Activision-Blizzard games will not appear on any subscription services if the merger with Microsoft does not go through.
In a recent 111-page response letter to UK regulators, Microsoft reveals some rather interesting details about Activision's thoughts on subscriptions. According to Microsoft, who cites internal data and sworn testimony from executives, Activision has no plans to bring its big mainline games to a subscription service if the merger is not approved.
This is particularly interesting because of a pre-existing deal that Activision made with Sony. Some time ago Activision had signed a big multi-year marketing and licensing deal with Sony that offered exclusive content to PlayStation. Part of that contract stipulated that Activision could not release Call of Duty on Game Pass. According to Microsoft's recent statements to the CMA, Activision had no plans to release Call of Duty (or any of its big games) to Game Pass anyway.
Here's the quote from Page 5:
Activision has never published any newer content on multi-game subscription services and has no intention to do so in the future...
...Without the Merger, Activision content would not be available on multigame subscription services. The Merger can therefore not make competitive conditions worse, under any circumstances.
Activision does not make its games (including Call of Duty) available in any meaningful sense to any multi-game subscription services, nor is there any evidence that this is likely to change in the foreseeable future.
Activision's ordinary course internal business documents, as well as the sworn testimony of its executives, has made clear that there are no plans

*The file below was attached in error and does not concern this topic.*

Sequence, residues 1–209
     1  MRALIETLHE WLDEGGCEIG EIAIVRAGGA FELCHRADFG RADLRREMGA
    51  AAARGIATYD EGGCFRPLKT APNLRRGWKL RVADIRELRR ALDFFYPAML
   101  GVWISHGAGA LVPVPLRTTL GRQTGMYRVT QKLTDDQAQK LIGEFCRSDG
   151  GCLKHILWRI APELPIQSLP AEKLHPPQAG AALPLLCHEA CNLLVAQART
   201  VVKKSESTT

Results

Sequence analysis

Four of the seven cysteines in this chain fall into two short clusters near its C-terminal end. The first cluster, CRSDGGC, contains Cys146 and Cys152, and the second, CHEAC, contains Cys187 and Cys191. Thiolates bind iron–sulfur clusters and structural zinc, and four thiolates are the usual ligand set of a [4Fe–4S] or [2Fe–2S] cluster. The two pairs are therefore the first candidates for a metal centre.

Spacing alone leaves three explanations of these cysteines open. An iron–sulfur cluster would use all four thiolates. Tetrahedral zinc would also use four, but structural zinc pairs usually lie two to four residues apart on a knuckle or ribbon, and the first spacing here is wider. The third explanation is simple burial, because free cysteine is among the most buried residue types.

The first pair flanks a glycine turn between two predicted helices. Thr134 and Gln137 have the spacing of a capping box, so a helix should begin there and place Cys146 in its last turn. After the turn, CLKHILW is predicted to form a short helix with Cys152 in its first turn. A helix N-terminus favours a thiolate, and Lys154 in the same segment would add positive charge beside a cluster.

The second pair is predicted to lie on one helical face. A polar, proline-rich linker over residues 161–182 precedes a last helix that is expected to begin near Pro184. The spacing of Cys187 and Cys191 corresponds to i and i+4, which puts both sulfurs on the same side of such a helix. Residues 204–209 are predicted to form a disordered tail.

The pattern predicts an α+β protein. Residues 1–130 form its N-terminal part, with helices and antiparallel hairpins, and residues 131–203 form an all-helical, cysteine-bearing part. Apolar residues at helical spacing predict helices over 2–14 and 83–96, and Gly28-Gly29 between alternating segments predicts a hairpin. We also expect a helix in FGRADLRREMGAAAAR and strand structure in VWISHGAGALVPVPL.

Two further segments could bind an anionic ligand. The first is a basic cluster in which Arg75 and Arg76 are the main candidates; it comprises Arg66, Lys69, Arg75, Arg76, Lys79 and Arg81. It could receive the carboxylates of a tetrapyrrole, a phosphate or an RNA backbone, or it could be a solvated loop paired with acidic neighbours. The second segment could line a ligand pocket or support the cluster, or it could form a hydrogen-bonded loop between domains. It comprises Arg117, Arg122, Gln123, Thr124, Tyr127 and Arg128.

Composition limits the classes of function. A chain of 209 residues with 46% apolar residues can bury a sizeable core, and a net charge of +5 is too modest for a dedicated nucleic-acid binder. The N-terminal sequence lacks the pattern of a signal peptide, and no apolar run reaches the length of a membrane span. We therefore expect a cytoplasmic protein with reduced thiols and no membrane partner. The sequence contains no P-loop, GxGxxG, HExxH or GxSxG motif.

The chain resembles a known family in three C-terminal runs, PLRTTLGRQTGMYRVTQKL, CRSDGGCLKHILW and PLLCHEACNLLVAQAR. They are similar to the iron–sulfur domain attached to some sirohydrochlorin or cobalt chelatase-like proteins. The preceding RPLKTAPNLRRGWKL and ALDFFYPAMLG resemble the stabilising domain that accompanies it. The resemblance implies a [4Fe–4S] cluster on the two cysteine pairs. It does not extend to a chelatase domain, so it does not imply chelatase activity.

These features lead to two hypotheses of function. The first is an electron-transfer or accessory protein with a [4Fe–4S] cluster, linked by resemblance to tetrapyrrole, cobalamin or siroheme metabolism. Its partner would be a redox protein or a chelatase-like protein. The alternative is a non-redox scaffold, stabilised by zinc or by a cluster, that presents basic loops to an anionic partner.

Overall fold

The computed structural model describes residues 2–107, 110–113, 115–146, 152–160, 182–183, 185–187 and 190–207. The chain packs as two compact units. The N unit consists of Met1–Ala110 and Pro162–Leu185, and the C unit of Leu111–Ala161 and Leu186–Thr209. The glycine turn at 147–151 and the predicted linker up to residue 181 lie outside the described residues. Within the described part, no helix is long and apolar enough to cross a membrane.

to do so in the future absent the Merger. Activision is concerned that participation in subscription services could impact its (REDACTED) and would lead to brand dilution and cannibalisation of buy-to-play sales (especially of new releases). This reflects Activision's view that even if the subscription business model were to grow, the (REDACTED). This has been a fundamental impediment to publishers more generally agreeing to place their content on subscription services, a stance which is not going to change in the future.
The reason is pretty clear. Day and date releases of Call of Duty would dramatically affect full game sales. Even older catalog games still sell incredibly well, and for instance, the franchise sold 25 million copies of various games during 2021, which was seen as a "down year" due to Vanguard's performance.
Call of Duty is so powerful because it takes advantage of both full game sales and in-game purchases via microtransactions. Disrupting full game sales would significantly affect Call of Duty earnings; for reference, Modern Warfare 2 made over $1 billion in 10 days solely from full game sales across all platforms.
This is the same reason why Take-Two Interactive will not release games on day 1 on Game Pass, and why it only supports Game Pass on a very selective and limited basis.
This also seems to confirm that Activision was not working on its own multi-game subscription service comparable to EA Play or Ubisoft+.